What he never understood was it was never the sex that was the issue, so he had no reason to hide it from me. It was the fact that he wouldn't be open and honest about it with me and he wouldn't share it with me, and he made me look and feel foolish.
If he had told me what he was doing, it would never even have been a problem. I've got a really open mind, and I can understand and live with the idea that people have different turn-ons and some might need more stimulation than others. What I can't and won't live with is lies, cover-ups, and sneaking around till you no longer know if you're coming or going.
My first husband had both male and female lovers and frequently brought home prostitutes. He was completely open about it, and made it clear to me from the beginning that this was his lifestyle long before he met me and he was not about to change it just because I was now part of his life. Fine, I knew the truth about him and it was my choice whether to accept him or leave. I may not have liked everything he was into, but I completely appreciated the fact that he had told me about it and I knew what was going on and what to expect.
There were no secrets or lies, no catching him viewing chatroom webcams, no hiding phone records, no telling me he was working when he was really with some girl he had met online. No pretending he was married to an evil controlling bitch, or that he was in a bad relationship, or even that he was single. Or having one of my friends tell me he was out looking for sex partners on a website that catered to married people looking to cheat, like this last one I just divorced.
Even though my first husband had other partners, I never thought of what he did as cheating because I knew about his lovers and could have participated in his affairs at any time. Also, he would have invited me to view the webcams with him and it might have been a sort of foreplay. He would not have excluded me, lied to or about me, and made me feel betrayed. To me, it's all about the honesty.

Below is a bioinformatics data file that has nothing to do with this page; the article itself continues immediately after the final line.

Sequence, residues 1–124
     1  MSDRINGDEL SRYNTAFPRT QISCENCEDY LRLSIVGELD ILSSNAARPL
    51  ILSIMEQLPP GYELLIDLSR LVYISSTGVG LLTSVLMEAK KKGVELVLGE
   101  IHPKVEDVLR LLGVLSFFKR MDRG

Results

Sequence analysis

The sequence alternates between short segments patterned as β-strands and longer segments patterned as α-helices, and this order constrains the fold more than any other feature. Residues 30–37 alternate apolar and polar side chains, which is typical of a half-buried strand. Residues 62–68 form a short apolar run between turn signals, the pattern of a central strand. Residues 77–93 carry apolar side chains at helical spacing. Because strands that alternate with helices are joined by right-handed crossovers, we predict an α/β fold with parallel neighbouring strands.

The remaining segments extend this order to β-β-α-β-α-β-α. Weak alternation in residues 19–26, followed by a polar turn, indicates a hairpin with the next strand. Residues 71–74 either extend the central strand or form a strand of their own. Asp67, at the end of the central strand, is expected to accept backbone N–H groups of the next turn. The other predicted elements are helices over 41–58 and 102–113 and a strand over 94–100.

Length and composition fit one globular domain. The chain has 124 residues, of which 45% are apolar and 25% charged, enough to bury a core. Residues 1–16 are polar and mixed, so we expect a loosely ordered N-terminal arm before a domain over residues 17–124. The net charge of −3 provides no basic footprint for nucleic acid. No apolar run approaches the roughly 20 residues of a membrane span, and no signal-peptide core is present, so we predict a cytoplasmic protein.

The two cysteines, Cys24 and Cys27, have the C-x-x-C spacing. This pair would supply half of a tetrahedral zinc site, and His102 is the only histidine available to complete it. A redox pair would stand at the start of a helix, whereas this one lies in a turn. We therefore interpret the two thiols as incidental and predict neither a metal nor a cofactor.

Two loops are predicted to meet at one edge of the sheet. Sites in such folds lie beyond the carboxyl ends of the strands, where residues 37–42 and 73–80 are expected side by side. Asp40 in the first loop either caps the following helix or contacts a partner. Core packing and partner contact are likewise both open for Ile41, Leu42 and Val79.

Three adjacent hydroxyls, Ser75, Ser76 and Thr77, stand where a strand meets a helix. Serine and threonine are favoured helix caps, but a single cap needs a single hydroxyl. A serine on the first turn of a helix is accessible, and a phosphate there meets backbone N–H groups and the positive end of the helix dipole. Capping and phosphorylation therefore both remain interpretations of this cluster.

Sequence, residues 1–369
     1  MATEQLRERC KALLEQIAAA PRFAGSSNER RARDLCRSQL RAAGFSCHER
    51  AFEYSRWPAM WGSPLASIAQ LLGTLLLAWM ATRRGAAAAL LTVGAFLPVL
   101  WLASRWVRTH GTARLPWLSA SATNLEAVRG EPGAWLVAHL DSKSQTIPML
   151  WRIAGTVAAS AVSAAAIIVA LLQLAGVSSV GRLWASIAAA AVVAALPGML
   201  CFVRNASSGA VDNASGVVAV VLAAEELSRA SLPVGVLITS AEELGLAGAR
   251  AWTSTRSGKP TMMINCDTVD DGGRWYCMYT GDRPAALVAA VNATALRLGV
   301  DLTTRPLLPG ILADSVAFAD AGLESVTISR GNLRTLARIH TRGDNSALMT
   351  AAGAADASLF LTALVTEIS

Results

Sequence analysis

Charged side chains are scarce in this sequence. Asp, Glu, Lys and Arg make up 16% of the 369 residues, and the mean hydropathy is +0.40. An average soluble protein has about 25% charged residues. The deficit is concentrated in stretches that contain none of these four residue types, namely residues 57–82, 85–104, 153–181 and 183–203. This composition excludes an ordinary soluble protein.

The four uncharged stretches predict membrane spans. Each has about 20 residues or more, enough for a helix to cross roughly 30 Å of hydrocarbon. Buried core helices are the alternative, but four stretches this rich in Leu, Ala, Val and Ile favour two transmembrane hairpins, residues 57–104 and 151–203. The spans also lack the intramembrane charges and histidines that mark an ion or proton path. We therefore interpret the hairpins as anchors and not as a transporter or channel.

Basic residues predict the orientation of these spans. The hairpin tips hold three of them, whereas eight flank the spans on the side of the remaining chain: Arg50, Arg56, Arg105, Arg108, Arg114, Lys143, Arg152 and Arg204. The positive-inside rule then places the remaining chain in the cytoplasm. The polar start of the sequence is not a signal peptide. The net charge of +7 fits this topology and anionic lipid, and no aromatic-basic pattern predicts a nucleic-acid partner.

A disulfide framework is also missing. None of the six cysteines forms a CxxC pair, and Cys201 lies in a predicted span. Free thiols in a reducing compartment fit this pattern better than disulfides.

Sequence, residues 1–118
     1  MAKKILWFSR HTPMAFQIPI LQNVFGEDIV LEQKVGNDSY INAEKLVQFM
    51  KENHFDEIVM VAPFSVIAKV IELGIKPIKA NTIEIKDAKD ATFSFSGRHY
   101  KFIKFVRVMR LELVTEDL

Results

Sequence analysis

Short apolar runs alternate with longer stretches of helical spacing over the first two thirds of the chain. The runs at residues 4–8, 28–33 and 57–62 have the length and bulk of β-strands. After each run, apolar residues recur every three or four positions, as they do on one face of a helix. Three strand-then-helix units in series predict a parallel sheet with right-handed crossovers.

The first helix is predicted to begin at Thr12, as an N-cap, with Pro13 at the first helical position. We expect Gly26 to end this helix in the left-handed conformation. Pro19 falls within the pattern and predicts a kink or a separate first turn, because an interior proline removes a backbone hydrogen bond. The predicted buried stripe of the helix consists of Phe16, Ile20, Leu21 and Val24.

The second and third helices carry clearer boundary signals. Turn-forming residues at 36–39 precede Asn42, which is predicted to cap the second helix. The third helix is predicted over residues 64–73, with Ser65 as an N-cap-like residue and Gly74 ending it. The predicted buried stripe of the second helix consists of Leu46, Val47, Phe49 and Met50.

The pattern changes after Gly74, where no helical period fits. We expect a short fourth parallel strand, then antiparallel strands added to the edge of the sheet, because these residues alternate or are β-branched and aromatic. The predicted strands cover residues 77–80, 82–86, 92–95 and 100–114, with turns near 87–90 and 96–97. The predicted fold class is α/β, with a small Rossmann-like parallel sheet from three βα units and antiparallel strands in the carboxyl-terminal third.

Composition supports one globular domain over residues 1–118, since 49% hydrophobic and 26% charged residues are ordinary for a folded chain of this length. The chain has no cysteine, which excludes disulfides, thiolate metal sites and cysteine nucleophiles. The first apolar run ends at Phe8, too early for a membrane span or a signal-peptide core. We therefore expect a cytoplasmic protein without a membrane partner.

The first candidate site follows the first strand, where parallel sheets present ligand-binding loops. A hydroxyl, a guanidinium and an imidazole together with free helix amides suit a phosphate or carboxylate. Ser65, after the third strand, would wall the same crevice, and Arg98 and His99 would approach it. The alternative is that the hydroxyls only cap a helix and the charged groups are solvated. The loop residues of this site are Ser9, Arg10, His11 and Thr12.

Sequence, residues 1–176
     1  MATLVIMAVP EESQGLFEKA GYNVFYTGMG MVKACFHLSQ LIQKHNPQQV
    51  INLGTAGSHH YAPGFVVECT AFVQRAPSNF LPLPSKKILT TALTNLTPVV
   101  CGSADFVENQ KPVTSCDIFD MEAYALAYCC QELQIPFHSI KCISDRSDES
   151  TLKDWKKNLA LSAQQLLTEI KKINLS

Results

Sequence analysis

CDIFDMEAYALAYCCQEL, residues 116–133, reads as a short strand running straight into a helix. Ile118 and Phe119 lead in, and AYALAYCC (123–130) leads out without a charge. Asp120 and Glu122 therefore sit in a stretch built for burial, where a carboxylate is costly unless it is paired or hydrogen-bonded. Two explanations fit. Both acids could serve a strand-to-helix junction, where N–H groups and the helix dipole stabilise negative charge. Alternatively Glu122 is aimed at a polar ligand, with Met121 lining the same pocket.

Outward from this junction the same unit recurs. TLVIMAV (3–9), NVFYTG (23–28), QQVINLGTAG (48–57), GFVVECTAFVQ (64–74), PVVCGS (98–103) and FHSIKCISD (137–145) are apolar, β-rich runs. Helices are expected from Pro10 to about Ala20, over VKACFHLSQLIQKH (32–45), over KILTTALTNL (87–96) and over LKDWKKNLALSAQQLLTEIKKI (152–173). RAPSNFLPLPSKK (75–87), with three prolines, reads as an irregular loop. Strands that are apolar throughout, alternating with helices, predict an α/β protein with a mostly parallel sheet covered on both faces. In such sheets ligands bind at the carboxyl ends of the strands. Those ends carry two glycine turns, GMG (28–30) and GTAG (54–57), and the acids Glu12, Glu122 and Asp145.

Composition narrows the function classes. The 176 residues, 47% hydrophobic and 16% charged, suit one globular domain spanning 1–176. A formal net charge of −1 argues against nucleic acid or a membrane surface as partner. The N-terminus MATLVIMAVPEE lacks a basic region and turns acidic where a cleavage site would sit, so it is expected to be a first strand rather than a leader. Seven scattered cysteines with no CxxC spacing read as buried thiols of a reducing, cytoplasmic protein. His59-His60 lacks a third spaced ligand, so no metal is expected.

Yes 100% honesty is necessary in any relationship. If you love someone, then you need to be upfront with them, otherwise the sense of trust would be lost. And without trust in a marriage, there seems little point in being in the relationship. This is how couples become strangers to each other and often leads to the ending of that relationship.
100% honesty in a relationship is a utopia
“If you truly want honesty, don't ask questions you don't really want the answer to”
Personally, I think that little white lies, like some people have said are one thing. If My wife would ask if she looks fat in public... well yyou know what I mean. not gonna start a fight in public. However, bigger things, absolutely must be honest. I see people who say, oh its okay... you don't have to tell the truth.. thats why their relationships are falling apart and most of them are too self centered (and stupid) to notice that they are destroying that relationship.
I see people lying to each other. a relationship is built on love and respect and I have no respect for someone who lies to me.
this thread reminds me of the Geico commercial with Abe Lincoln.
maybe not 100%..
No. You surely don't want to know some of your spouse's secrets either. And taking in account that more than half marriages end up in divorces, your honesty will play against you in the future.
Spouses should cultivate myths about each other.
"You surely don't want to know some of your spouse's secrets"
LOL, moncrieff, that might be true for most people, but I can't help equating secrets with betrayal. I'd rather know the secrets, and there are no secrets so bad that I'd rather be ignorant of them than know the truth. If a man can't be honest with me about himself, he's free to use the door, preferably the back door, and take himself out of my life.
Is it good to be 100% honest in marriage? Yes.
Trust is built on honesty. Open communications means that you can speak about anything and everything. Any breakdown in communications, then the relationship suffers.
If your partner cannot handle you being honest 100% of the time, then apparently you're with the wrong person.